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Under new bill, states and towns could set their own drone rules

Photo of a small drone flying near its operator
Photo: Matthew Horwood/Getty

Sen. Mike Lee (R-Utah) plans to introduce a bill that would assign states, cities, and Native American tribes sweeping new powers to set rules for small, low-flying drones, and give property owners more control over what happens immediately over their land.

Why it matters: Lee's proposal would establish new clear rules for the first 200 feet above ground, and override Federal Aviation Administration concerns about a "patchwork quilt" of regulations that differ from one locale to another.

The good: States, cities and tribes could tailor drone activity to local needs and preferences.

The bad: The changes risk creating new complications for companies operating drones in many locations for delivery or inspection.

Details: The legislation, which Lee's office says he intends to introduce Wednesday, would allow property owners to control 200 feet of airspace above their land, and give states and local governments jurisdiction over the 200 feet above state or local-owned land.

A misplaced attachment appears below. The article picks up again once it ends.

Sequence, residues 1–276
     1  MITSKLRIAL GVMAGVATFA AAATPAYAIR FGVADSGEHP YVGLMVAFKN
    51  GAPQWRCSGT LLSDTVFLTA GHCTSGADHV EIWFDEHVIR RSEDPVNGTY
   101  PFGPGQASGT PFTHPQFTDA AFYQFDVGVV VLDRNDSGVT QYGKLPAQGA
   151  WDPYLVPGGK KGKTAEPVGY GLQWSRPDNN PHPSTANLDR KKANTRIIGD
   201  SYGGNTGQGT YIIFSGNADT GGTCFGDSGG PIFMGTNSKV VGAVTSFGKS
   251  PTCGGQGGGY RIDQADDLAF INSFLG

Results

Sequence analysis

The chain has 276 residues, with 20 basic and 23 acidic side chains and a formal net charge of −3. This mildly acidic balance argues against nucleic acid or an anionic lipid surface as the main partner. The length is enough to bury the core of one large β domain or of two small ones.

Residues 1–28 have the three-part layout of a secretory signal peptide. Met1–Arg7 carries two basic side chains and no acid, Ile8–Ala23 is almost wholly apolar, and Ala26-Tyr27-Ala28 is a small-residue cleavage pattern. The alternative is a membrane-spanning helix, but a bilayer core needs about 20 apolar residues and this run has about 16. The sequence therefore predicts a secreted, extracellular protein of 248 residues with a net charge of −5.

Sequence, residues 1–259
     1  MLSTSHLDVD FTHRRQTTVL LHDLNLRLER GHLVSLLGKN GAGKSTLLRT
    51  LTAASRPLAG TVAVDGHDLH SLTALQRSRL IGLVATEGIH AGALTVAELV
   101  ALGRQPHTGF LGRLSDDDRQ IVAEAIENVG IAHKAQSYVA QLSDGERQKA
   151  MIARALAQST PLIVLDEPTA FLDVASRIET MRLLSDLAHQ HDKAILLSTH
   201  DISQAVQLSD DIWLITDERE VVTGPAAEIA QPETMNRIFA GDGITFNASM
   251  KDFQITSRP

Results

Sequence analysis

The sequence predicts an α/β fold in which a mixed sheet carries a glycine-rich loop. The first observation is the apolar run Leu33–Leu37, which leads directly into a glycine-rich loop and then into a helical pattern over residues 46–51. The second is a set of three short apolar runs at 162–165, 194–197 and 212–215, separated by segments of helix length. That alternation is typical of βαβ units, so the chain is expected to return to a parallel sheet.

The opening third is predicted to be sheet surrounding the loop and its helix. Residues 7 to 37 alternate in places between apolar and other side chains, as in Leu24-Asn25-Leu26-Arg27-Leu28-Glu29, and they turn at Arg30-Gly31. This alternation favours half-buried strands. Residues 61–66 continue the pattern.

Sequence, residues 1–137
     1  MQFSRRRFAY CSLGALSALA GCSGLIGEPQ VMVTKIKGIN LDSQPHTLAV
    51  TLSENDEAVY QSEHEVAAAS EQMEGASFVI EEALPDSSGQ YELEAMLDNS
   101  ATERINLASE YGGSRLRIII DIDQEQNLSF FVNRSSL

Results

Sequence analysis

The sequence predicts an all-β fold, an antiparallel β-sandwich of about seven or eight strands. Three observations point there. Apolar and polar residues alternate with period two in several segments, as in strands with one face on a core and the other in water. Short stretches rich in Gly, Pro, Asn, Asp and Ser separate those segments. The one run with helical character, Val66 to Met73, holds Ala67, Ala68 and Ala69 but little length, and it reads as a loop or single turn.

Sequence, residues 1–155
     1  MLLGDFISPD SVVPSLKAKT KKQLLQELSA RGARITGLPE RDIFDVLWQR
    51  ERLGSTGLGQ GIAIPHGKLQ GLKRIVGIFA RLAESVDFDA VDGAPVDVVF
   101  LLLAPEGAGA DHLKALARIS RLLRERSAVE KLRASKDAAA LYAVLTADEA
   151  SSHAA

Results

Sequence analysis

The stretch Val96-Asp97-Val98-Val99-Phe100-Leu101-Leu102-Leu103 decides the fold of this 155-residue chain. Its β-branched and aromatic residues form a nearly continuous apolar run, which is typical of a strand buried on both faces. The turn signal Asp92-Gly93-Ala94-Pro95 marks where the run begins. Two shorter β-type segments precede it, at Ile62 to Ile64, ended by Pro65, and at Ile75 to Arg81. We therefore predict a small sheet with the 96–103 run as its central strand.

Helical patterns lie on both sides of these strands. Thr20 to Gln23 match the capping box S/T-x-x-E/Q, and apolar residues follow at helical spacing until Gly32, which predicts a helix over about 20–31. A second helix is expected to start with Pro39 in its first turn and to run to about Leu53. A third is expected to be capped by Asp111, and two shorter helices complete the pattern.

• Above that line, existing FAA rules would kick in.

The big picture: The conservative senator cites federalist principles as a key motivator for the proposal.

What they're saying: DJI, the Chinese company that dominates the small-drone market, said it's "concerned" about the proposal.

  • In a statement to Axios, DJI director of U.S. legislative affairs Mark Aitken said the bill would "spur state and local governments across the country to impose harsh and conflicting taxes and fees on professional and recreational drone flights, throttling an industry still in its infancy.”

Flashback: In 2017, Lee co-sponsored the Drone Federalism Act, which had similar aims. The bill never got anywhere.

Editor's note: This story has been updated with comment from DJI.